The Little Green Sheep's mattress protector has a 100% cotton exterior to ensure that your baby is comfortable. The interior is made up of an Oeko-Tex or polyurethane membrane that is completely waterproof to ensure that nothing can penetrate the protector and make it through to the mattress itself.
The mattress protector shouldn't need washing as often as the bedsheets – unless, of course, your baby has had an accident that has gone through the bedsheets to reach the protector. This doesn't mean that it doesn't need caring for.
Most of the time, the mattress protector should come with care instructions, either on the packaging or a small label on the protector itself. By and large, they will be machine washable, some will be tumble dryer safe, and others will need air drying.
Most people will have a mattress protector on their beds, and babies arguably need them more. They keep the mattress clean; they stop bacteria from reaching the mattress and any bacteria in the mattress from reaching your baby.
They can also make the mattress more comfortable for your baby too. However, they often aren't fitted, being more akin to a mattress topper which means they need to be used with sheets, and you also need to buy several because they will need regular washing too.
The next item on the list is baby blankets. Baby blankets are another essential item to ensure that your baby is comfortable in their bed. In fact, baby blankets aren't simply for your baby's physical comfort; they can also speak to their emotional comfort too.
It is incredibly common for people to keep their baby blankets long into adulthood – hence the term security blanket. The blankets themselves are often far more versatile than other items on the list because they can be used inside the house and out.
The right blanket should be both warm and breathable. Your baby should be insulated year-round without worrying about them overheating. You also need to consider how the blanket is going to be used. Infants should ideally be swaddled in their cots because loose blankets can be hazardous, but on the go, you will want a blanket that can lay over them in a pram or car seat.
A cotton or knitted blanket is ideal; you might also choose to buy a fleece-lined blanket for use outdoors in the winter, as well as lighter muslins for use in the summer months. The most important thing is that the material is breathable and lightweight.
Blankets are not immune to spillages, accidents and damage. Therefore, they are going to need to be washed. Most baby blankets will be machine washable, although depending on the material, they might have different heat requirements. Some of them might need washing in cooler temperatures versus other baby blankets.
In addition to the washing instructions, not all blankets will be tumble dryer compatible; some of them will need to be air-dried. This should all be made clear on the packaging or on the tag of the baby blanket itself.
Baby blankets can provide your baby with a feeling of safety and security, not to mention ensuring that your baby is comfortable and warm too. They are also versatile with uses inside and outside the home. That being said, you might find a blanket surplus to needs if you go with one of the other options like a baby sleeping bag or duvet.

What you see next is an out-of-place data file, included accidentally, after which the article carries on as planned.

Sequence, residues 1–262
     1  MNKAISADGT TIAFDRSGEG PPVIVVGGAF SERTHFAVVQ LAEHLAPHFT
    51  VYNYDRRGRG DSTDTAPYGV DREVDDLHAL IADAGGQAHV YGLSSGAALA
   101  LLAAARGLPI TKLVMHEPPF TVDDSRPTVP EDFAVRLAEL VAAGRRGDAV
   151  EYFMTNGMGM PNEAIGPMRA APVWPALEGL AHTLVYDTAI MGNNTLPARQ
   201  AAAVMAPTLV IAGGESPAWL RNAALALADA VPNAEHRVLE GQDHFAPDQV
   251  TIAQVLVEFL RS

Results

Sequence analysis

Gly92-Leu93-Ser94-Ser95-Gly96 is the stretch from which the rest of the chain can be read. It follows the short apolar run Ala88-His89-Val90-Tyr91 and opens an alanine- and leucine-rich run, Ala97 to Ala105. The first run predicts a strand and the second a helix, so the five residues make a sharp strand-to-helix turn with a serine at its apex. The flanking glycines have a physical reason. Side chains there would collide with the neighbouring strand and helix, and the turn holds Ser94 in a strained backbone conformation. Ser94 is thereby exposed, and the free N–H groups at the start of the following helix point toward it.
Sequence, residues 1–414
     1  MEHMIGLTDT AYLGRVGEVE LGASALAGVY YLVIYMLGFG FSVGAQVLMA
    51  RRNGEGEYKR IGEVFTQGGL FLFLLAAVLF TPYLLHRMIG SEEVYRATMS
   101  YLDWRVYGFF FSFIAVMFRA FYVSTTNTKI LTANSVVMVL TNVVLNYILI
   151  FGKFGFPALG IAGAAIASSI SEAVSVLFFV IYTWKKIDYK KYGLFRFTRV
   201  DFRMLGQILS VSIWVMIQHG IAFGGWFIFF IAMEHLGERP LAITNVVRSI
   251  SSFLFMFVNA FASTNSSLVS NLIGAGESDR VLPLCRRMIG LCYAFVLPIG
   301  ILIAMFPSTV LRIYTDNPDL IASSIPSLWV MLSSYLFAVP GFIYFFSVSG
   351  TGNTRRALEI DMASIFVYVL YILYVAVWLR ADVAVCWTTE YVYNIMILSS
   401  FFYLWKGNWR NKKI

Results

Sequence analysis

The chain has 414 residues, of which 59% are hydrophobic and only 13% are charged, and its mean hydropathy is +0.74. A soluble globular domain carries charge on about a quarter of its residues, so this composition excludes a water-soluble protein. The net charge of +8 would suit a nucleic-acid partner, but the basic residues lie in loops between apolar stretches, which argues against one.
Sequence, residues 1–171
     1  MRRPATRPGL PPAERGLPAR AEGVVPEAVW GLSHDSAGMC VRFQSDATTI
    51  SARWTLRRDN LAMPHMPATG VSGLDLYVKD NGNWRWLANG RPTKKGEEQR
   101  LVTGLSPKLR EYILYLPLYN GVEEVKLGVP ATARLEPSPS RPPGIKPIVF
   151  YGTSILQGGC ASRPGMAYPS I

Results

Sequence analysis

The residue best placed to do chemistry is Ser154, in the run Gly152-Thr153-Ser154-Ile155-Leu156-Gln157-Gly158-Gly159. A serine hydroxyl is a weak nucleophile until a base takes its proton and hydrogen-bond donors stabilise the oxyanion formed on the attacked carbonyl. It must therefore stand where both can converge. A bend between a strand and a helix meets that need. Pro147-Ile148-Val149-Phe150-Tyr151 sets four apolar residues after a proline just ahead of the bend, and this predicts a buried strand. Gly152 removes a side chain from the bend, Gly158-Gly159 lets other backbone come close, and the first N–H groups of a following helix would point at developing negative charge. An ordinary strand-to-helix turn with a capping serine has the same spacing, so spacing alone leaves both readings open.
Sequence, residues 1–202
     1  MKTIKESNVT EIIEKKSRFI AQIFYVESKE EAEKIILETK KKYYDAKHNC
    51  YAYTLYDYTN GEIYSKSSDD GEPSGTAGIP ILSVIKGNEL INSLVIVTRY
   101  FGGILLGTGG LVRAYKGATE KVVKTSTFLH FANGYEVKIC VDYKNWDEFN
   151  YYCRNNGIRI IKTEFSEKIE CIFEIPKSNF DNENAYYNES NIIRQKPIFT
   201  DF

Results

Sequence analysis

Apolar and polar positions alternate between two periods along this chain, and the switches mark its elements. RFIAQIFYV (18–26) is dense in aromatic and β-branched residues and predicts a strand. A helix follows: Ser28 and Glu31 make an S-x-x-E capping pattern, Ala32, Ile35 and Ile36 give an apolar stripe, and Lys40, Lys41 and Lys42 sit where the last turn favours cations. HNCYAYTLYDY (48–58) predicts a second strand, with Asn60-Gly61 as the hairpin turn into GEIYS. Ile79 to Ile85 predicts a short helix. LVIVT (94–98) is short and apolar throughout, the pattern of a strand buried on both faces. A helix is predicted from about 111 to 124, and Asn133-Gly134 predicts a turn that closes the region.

Pillows are for toddlers or ages one and up, and so they will become more important once your baby gets older.
Duvets should be thought of similarly. A baby should not have a duvet until it reaches the age of around twelve months. Although they will be essential, so it is worth learning more about them now.
There are several forms of baby duvets - almost as many as there are full-size duvets. This is because toddlers can better regulate their temperature than babies and so duvets can be used more safely.
When it comes to choosing the type of duvet, the choice really is up to you. Take into account any allergies that your child might have, and go for lighter togs in the summer. You should also consider choosing a more easily washable duvet because toddlers aren't immune to night-time accidents either.
Picking the perfect duvet for your toddler means thinking about their bedroom set-up. Are they still in a cot or crib, or are you going to graduate them to a bed? This matters because the size of their bed will determine the size of the duvet.
You might simply need a single or a double duvet, depending on the size of the bed. However, if the bed is specifically designed for children and smaller than the standard, it is worth taking the measurements into account so that the duvet will fit properly.
Not all duvets and pillows are easy to wash, depending on what material it is made of. This is why you should, at this stage of your child's life, opt for a material that is more easily cleaned, like cotton and wool.
If you have chosen a duvet or pillow made from cotton and wool, then you can wash them in the washing machine; it does usually need to be on a cooler wash. They tend to need to be air-dried and aren't compatible with a tumble drier. However, they should have care instructions on them that you can consult if you aren't sure.